Friday, 28 March 2014

The Afterlife of Things 4

In the 1930s your Radio Times (the magazine that told you what was on the radio) was kept in an ornate leather folder, decorated with embossing and oversewing, or tidied away in a floor-standing magazine rack. There were occasional tables but no coffee tables. And you couldn’t just leave a magazine lying around for a week getting tattier and tattier. Could you? Radio Times folders and magazine racks faded soon after the war.

They somehow went with shoe bags embroidered with your initials, night-dress cases and handkerchief sachets. Where did they go? Tissues happened. Handkerchief sachets were usually handmade out of linen and embroidered. There was no telly and we had to make our own entertainment.

Other linen embroidered objects we simply couldn’t live without: antimacassars and traycloths. Antimacassars went over the backs of armchairs and sofas to stop hairoil marking the furniture. 30s men used an oily “dressing” on their hair to keep it in place. (It faded out in the 70s.) Traycloths were a miniature tablecloth that went on a tray for breakfast in bed, or supper by the fire. They vanished with the servants who cooked and brought you the breakfast or supper. And with no servants keeping you out of your own kitchen you could eat in it.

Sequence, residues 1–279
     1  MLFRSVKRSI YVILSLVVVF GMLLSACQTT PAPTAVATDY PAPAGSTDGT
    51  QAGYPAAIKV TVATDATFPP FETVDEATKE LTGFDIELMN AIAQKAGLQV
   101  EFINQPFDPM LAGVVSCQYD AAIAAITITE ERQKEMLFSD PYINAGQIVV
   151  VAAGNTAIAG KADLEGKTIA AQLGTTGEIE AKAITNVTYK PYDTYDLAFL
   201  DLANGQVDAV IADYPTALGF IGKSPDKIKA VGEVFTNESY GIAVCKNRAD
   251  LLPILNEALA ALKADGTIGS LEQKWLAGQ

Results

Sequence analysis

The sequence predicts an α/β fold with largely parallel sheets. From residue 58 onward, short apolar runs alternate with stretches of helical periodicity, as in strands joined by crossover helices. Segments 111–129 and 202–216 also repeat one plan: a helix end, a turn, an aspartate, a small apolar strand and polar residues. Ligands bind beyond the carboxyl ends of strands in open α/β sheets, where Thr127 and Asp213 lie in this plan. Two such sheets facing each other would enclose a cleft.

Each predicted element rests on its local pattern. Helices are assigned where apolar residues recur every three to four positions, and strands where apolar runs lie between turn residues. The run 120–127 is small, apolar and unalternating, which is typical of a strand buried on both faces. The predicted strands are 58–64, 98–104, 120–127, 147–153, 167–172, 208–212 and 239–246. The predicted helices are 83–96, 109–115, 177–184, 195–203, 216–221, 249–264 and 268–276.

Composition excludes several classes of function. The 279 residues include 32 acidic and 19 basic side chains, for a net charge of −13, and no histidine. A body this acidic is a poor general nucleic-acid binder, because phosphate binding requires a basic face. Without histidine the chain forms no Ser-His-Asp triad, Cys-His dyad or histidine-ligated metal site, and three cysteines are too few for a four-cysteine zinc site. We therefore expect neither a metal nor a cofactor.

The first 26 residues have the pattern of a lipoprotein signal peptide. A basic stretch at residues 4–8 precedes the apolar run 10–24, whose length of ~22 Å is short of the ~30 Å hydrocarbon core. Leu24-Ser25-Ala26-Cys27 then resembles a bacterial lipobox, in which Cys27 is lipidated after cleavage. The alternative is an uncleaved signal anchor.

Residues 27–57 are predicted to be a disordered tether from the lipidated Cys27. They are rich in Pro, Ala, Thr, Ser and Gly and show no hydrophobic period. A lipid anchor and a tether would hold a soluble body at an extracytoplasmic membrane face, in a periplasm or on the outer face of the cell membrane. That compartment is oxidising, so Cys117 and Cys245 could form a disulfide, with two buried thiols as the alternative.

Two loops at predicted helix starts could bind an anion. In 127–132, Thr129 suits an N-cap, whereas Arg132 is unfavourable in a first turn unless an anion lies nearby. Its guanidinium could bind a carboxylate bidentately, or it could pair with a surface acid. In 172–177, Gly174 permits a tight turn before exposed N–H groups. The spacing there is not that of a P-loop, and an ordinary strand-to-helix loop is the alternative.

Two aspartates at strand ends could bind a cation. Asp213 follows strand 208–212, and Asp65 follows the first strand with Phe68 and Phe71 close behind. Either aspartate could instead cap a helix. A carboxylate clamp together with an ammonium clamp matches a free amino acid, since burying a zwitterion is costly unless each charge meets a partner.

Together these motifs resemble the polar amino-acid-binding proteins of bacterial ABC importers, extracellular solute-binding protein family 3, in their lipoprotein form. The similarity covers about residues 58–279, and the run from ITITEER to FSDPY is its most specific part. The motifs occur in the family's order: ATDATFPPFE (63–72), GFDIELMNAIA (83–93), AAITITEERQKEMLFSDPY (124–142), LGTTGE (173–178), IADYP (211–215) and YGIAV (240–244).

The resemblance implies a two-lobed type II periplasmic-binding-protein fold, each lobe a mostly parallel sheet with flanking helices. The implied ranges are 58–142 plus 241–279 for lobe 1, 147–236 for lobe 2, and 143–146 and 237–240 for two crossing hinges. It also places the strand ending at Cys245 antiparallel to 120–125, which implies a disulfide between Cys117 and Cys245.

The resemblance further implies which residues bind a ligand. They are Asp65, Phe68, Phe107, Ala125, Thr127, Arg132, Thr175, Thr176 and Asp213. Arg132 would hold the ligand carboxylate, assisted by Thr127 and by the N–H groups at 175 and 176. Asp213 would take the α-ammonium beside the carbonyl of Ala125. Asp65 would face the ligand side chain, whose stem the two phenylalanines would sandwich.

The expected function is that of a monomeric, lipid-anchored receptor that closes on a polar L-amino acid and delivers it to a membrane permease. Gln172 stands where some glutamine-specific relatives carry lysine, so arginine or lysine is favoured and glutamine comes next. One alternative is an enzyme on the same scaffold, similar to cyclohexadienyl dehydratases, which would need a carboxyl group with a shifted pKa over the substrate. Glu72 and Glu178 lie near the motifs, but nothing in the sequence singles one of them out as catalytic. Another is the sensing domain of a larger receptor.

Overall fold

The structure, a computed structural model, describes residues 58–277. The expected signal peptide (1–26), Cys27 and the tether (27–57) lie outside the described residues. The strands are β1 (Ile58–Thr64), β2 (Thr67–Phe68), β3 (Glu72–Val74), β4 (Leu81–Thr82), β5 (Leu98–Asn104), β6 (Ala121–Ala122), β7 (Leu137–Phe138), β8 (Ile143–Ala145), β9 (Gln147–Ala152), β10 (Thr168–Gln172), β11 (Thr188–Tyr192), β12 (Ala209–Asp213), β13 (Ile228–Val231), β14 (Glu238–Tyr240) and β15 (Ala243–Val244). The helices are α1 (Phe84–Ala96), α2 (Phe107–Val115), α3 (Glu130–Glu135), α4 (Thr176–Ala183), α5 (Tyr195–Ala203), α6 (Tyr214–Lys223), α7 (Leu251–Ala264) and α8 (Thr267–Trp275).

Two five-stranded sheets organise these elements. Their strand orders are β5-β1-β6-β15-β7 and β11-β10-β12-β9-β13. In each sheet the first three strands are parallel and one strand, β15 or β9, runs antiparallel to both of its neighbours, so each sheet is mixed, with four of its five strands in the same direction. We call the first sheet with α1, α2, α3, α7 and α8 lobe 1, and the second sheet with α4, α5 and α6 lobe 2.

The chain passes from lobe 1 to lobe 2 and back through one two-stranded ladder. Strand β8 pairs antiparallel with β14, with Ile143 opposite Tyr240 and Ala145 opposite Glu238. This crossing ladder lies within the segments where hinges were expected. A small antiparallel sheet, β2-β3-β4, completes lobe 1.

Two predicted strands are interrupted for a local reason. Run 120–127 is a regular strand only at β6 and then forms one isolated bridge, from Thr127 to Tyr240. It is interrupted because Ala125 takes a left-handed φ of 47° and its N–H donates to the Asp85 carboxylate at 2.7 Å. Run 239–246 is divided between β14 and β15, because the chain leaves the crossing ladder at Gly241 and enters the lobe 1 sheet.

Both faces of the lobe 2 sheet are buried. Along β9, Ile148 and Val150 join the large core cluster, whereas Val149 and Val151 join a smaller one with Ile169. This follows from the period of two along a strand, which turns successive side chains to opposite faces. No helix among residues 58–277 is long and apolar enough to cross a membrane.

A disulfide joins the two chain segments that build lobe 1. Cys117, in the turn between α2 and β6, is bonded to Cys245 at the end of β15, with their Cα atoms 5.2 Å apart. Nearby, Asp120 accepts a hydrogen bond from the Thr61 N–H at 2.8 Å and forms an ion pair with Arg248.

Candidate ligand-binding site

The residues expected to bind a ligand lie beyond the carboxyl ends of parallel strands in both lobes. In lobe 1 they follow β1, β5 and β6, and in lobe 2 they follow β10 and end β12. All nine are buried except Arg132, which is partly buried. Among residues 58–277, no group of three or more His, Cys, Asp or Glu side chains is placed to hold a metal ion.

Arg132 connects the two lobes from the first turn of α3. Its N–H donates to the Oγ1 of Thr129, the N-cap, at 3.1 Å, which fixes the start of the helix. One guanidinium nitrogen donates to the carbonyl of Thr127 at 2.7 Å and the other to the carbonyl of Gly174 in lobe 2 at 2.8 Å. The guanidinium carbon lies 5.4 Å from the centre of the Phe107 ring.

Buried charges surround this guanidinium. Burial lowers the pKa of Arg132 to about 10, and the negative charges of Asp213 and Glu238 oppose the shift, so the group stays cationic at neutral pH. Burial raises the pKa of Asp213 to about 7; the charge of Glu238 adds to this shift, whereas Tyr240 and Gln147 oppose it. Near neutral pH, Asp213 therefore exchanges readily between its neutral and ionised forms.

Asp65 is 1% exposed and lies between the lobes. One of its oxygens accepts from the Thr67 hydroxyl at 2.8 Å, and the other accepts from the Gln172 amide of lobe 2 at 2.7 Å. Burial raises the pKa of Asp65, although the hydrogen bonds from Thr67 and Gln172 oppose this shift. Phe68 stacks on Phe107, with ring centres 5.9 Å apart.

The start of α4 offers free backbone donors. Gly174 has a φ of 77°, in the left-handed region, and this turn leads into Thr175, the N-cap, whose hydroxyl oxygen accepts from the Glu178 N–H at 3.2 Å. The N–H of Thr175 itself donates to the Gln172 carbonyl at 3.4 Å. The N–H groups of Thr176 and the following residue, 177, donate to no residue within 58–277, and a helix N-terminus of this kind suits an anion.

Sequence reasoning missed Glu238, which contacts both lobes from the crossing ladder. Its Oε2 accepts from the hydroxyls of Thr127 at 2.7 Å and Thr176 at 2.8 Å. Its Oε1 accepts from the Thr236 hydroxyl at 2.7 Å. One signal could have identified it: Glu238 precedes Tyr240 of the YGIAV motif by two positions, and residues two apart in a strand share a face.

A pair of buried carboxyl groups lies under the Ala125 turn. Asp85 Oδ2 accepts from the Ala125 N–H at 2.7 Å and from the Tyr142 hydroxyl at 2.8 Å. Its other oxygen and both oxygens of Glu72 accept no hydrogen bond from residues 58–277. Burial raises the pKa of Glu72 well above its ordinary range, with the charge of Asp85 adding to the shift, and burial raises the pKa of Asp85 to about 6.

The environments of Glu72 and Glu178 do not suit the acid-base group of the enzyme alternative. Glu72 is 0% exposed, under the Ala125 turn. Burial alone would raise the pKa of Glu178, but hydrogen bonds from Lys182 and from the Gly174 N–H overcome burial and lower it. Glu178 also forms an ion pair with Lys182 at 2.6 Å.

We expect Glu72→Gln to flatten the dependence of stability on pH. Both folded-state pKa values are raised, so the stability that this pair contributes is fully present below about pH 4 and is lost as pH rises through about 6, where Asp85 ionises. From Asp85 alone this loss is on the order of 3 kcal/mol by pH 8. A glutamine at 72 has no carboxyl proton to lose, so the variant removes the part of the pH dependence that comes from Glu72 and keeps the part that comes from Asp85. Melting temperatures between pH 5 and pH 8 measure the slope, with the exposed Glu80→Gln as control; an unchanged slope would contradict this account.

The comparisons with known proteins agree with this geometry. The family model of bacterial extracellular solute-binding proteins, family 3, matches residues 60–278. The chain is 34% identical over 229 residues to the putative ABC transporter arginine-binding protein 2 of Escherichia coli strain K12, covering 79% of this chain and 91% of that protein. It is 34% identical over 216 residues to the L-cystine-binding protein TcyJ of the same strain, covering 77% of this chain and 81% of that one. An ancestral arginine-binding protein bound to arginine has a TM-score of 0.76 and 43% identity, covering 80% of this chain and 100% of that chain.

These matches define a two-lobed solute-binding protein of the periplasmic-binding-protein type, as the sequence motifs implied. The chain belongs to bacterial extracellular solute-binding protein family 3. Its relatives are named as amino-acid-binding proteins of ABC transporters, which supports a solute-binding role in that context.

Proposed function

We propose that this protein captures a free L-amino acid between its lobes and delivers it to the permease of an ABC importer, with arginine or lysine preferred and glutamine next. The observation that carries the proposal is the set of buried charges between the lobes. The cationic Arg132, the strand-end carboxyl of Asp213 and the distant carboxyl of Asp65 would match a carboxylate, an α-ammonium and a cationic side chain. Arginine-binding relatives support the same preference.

All these were objects you could make yourself, and perhaps that’s why people were convinced they were necessary. They were the descendants of the purses netted and slippers embroidered by early Victorian girls. (Now we make bunting.) Handwork was taught at school, and girls needed projects. Magazines would give away patterns for traycloth embroidery. (They can always be upcycled into cushion covers.) Handwork was strictly gender-segregated: boys made manly pipe racks in woodwork. When did men stop smoking pipes? They were still puffing in the 70s. I remember ads for a vanilla-scented tobacco – was it St Bruno? And there was one called Condor… The decline of pipe-smoking did for the small tobacconists who used to operate from kiosks. More here, and links to the rest.

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